cubanet square logoI was a volleyball player in the last golden era of the sport in Cuba. I played alongside the best in the world: Marshal, Dennis, Pimienta, Diago, Iosvany Hernández. I played on the national team in the 1999 Tournament of the Americas in the United States, and in 2000 I almost went to Sydney, but right after that, during the best moment of my career, the team changed coaches and volleyball practically finished for me. They never called me again for the team and I decided to retire from the sport (…)

Since then, I’ve tried a thousand times to get back in.  I started training young boys, and I was even on a sports mission to Portugal, but I couldn’t maintain myself financially with that, and I had no choice but to start working as a security guard in various nightclubs, like so many others. (…)

What I want most is to get back to volleyball, at least to train and prepare the youth, but the way things are now, I believe I’m just going to have to keep maintaining law and order in the Havana nights.

Translated by Jorge Vásquez, Aliaksandra Rabtsava, Vanessa Parra Henao

Task for Alejandro Castro: Protecting Cuba’s Disabled / Juan Juan Almeida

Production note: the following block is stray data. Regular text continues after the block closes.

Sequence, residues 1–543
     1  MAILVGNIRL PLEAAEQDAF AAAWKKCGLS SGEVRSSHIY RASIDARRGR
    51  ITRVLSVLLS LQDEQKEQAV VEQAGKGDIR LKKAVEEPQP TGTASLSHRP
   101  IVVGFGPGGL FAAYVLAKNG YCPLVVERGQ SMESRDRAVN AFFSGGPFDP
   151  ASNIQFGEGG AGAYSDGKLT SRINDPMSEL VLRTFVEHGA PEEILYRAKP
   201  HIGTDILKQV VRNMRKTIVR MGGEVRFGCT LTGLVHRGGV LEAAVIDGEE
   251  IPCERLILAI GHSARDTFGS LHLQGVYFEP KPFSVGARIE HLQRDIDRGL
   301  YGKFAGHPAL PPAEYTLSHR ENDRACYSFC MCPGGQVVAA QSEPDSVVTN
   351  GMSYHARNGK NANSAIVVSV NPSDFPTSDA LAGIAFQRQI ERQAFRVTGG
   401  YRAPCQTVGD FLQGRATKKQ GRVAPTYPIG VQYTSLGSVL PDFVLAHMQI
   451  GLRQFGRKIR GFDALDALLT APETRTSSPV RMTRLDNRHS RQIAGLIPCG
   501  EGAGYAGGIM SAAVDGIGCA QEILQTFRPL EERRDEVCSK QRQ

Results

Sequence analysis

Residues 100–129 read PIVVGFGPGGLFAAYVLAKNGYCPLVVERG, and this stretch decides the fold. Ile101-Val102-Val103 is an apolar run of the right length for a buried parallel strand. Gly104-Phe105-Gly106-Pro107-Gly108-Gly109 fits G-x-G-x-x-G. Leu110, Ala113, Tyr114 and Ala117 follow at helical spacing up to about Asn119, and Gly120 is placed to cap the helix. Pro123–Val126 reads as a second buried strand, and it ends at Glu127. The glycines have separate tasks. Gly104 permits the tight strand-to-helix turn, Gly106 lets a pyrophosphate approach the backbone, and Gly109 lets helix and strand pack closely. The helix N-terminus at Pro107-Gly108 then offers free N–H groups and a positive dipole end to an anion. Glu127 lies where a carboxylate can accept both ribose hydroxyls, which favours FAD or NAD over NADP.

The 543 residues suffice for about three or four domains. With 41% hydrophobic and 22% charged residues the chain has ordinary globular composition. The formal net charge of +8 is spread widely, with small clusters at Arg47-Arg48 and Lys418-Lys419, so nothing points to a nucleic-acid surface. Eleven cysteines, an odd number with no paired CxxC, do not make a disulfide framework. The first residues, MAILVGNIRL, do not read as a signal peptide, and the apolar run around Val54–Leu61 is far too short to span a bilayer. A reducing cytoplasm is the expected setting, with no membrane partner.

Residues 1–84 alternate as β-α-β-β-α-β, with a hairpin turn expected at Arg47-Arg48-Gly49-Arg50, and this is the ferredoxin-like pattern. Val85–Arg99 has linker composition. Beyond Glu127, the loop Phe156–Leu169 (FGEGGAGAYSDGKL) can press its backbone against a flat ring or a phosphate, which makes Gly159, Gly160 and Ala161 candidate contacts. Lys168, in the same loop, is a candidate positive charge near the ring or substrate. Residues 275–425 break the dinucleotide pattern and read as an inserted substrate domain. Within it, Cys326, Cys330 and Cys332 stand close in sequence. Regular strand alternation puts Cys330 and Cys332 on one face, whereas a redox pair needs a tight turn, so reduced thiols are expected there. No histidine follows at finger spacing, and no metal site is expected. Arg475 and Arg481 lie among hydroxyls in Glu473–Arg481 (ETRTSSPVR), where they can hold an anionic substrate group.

Raul Castro’s son Alejandro Castro Espín.

Juan Juan Almeida, 22 March 2017 — On March 17 of this year, a group of NGO (non-governmental organization) representatives from Latin America and the Caribbean celebrated in Havana Cuba’s political agenda in support of people with disabilities of every kind.  The next day, for the twentieth time, Cuban institutions honored the legacy of Terry Fox by encouraging people to join in the traditional marathon.  It is interesting that, although the Cuban State and constitution guarantee the right to free education without discrimination, there are neither an educational policy nor laws designed to protect people with different abilities.

According to official figures, approximately 3% of the Cuban population lives with some limitation that keeps them from participating in the labor market, and as a result, they cannot access the funds to confront the many obstacles they face in life. continue reading